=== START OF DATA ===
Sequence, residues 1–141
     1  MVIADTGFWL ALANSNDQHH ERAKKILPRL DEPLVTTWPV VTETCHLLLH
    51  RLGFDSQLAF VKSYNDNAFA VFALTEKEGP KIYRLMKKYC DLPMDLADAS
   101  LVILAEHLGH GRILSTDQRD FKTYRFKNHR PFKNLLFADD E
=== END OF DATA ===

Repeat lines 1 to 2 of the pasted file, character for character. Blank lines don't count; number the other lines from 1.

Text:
Sequence, residues 1–141
     1  MVIADTGFWL ALANSNDQHH ERAKKILPRL DEPLVTTWPV VTETCHLLLH